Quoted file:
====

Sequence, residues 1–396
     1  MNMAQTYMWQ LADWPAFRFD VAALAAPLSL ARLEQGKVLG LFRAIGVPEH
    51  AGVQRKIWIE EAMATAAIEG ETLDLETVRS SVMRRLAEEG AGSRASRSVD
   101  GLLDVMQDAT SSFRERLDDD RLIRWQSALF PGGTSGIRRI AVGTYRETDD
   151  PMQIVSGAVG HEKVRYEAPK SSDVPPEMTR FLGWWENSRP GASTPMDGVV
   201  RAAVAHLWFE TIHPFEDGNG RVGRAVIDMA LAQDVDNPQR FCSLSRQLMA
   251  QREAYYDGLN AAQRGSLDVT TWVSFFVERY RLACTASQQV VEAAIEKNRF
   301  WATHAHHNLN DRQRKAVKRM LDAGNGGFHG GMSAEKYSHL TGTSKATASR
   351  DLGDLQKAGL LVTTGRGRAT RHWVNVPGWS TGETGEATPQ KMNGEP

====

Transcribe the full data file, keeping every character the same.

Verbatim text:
Sequence, residues 1–396
     1  MNMAQTYMWQ LADWPAFRFD VAALAAPLSL ARLEQGKVLG LFRAIGVPEH
    51  AGVQRKIWIE EAMATAAIEG ETLDLETVRS SVMRRLAEEG AGSRASRSVD
   101  GLLDVMQDAT SSFRERLDDD RLIRWQSALF PGGTSGIRRI AVGTYRETDD
   151  PMQIVSGAVG HEKVRYEAPK SSDVPPEMTR FLGWWENSRP GASTPMDGVV
   201  RAAVAHLWFE TIHPFEDGNG RVGRAVIDMA LAQDVDNPQR FCSLSRQLMA
   251  QREAYYDGLN AAQRGSLDVT TWVSFFVERY RLACTASQQV VEAAIEKNRF
   301  WATHAHHNLN DRQRKAVKRM LDAGNGGFHG GMSAEKYSHL TGTSKATASR
   351  DLGDLQKAGL LVTTGRGRAT RHWVNVPGWS TGETGEATPQ KMNGEP